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Letter from Ed: Real Fixes to Real Problems
No matter who is running for office some problems seem too hard for Washington to handle. Presidents and Congress put band-aids on major issues.

By Edward C. Brindley, Jr.
Date Posted: 10/1/2008

   If you’re like me, you may be a bit tired of all the talk about the upcoming presidential election. It seems like every four years comes another historic election. I believe many people feel somewhat disillusioned because neither party has dealt with some of the most pressing issues, especially energy independence, illegal immigration, social security, excessive government spending, the national debt, bureaucratic red tape, and aging infrastructure.

   No matter who is running for office some problems seem too hard for Washington to handle. Presidents and Congress put band-aids on major issues. They refuse to do the difficult work. They merely push tough decisions into the future for some other sucker to address. And we have let them get away with it. The reason this year is a historic election has less to do with breaking any glass ceiling and more to do with our previous delay tactics.

   The freight train you hear approaching is the sound of inevitability. We may not be able to delay dealing with our problems much longer because the consequences of our previous actions are forming a perfect storm situation. The world no longer sees the U.S. economy as the envy of the financial sector. Investments and capital are moving from this country to other emerging markets.

   Globalization is forcing us to realize our dependence on foreign nations for energy and basic necessities. Our public infrastructure is aging and becoming out-dated at a time when the dollar doesn’t go as far as it used to in the global economy. The United States faces real problems, and we need a leader who will dare to make the tough decisions.

   As you go to vote, consider your business, your family and your country. Honestly, I don’t know if either of the major candidates has the guts to make the tough decisions that need to be made in the near future. But I do believe the ideal candidate would have the following characteristics.

   • We need a president who will be a political maverick. This person would lead in such a daring way that even opponents will be afraid to follow old school politics.

   • We need a president who will cut spending growth and limit earmarks.

   • We need a president who will unite Congress on key issues, such as comprehensive immigration and social security reform.

   • We need a president who will look at all energy options. This includes domestic drilling, conservation and alternative technologies. The new president should convene a taskforce of experts to develop recommendations for a national energy plan.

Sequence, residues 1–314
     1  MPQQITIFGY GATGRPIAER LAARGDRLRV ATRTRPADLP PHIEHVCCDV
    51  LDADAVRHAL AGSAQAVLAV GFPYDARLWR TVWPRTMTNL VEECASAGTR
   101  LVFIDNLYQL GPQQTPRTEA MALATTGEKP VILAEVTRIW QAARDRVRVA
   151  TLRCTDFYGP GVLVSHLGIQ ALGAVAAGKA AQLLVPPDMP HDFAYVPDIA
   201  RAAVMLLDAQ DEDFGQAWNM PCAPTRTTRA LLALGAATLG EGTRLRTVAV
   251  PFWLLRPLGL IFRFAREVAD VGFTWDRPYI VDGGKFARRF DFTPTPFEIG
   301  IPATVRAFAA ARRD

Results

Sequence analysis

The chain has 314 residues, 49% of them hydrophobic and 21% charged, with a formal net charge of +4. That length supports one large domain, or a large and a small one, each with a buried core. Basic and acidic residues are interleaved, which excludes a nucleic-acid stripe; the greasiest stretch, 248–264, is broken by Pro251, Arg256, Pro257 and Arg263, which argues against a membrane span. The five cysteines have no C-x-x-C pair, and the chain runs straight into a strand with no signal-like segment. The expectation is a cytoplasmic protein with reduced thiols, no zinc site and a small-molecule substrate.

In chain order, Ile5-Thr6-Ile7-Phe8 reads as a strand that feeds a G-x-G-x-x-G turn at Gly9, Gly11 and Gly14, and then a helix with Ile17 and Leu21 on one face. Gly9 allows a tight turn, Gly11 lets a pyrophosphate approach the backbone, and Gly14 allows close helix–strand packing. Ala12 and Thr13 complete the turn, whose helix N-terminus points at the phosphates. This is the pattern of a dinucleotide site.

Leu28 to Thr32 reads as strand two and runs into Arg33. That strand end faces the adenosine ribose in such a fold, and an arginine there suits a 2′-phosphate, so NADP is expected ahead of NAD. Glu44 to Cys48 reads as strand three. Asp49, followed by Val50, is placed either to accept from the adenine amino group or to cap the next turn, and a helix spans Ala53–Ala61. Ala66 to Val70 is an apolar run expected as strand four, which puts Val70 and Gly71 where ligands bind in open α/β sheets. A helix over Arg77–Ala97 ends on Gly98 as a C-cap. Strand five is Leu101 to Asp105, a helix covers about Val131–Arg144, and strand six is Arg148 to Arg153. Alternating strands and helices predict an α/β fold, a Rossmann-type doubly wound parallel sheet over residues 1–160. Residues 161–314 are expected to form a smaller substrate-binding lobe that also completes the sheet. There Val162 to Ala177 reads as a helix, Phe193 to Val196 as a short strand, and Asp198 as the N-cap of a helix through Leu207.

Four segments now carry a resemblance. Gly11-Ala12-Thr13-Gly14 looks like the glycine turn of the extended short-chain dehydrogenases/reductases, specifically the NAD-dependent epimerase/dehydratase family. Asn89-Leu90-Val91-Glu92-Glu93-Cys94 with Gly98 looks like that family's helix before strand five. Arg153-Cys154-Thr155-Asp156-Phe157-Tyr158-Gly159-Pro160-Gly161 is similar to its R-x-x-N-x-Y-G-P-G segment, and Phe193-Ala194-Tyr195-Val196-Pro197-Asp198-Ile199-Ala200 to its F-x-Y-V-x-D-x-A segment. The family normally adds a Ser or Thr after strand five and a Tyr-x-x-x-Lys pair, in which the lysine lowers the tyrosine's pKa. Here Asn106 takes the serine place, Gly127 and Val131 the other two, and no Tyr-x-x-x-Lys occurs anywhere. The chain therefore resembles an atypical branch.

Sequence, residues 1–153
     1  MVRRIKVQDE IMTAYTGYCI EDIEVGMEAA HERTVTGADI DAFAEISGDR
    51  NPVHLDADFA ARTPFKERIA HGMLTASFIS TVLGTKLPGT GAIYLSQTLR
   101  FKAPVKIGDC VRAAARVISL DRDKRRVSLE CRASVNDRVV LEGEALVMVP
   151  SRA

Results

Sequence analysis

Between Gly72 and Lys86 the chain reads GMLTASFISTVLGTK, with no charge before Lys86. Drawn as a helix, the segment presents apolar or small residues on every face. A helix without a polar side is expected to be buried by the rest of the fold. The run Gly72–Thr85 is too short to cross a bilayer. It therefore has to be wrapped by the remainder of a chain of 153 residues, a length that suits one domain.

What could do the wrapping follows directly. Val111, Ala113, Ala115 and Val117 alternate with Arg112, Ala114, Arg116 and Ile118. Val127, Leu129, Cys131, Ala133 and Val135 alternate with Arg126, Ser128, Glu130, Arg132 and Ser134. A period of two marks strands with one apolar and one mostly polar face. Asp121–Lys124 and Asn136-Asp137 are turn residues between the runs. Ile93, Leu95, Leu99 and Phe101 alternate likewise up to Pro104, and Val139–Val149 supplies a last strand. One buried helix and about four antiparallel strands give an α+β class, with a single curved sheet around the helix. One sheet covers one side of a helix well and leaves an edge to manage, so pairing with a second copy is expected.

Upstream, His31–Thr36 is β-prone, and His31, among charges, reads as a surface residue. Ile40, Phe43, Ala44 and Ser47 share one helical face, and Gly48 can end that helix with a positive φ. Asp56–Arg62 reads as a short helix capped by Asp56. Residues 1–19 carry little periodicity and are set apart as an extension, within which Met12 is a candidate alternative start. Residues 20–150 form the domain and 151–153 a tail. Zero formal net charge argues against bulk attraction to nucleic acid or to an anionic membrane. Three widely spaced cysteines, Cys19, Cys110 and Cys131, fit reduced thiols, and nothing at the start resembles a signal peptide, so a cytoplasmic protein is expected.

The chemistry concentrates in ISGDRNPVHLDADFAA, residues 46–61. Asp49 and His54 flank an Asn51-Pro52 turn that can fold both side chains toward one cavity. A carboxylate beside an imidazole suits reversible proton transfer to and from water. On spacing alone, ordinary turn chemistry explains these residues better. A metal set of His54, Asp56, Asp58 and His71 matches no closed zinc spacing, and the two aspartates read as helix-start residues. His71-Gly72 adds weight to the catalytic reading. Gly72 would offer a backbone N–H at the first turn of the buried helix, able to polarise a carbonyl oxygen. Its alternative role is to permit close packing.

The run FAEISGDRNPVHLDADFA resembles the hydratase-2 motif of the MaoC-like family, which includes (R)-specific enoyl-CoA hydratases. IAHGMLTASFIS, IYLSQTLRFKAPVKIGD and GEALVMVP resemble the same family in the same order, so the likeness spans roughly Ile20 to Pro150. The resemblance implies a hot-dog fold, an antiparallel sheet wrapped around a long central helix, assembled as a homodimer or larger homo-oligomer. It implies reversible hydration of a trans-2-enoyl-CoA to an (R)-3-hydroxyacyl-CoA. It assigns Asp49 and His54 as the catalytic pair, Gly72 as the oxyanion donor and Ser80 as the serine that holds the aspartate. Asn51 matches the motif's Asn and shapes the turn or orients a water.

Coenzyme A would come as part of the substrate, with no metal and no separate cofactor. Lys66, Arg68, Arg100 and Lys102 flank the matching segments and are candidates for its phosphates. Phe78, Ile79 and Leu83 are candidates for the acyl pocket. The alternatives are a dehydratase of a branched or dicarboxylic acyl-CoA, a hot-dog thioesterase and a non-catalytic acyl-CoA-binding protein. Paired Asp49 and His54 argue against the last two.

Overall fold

• We need a president who will hold those responsible that use government connections to benefit private individuals at taxpayer expense. A perfect example of this is the recent bailout of mortgage giants Fannie Mae and Freddie Mac. The top executives of those organizations made poor decisions and did things that will cost billions of dollars in public financing to fix. Yet, they received extraordinairy salaries, benefits and pensions. The public deserves to know the truth if we are going to pick up the tab.

   • We need a president who will follow common-sense environmental policy while avoiding junk science.

   Let’s look at a few issues to see where the two major candidates stand. I think we all wish that we could increase our budgets and revenues by a significant percent each year. That is exactly what Congress does. One big reason is earmarks, which are requests for money by a specific legislator. These funds are usually used to help a particular constituency and are tagged onto often-unrelated government spending bills.

   Sen. John McCain has crusaded against earmarks for years even to the dismay of others in his party. He has avoided asking for them and called for significant reform. Sen. Barack Obama has requested almost $1 billion dollars in earmarks during his Senate career. To Obama’s credit, he has disclosed his requests to the public, which is something that most in Congress refuse to do. Also, Obama is far from the worst in the Senate when it comes to earmarks.

   Government spending is a major concern because Democrats in Congress are talking about a new $50 billion economic stimulus plan to boost the still lagging economy. This could include: heating subsidies, further extension of unemployment benefits, and possibly even loan guarantees for the troubled U.S. auto industry. All of this expense would be added to a budget deficit that the Congressional Budget Office estimates will reach $407 billion next year.

   The Enterprise is carrying an excellent article on page 24 by George Barrett of Hardwood Review. He covers how we got in our current energy predicament. I believe we need a president who will be willing to consider all options and not be wedded to either the oil interests or the preservationists and green fear mongers.

   I encourage you to vote in the upcoming election and pick the candidate you believe will really address these issues. Although I have my doubts, my vote is going to John McCain because I hope he will be the true maverick he claims to be.

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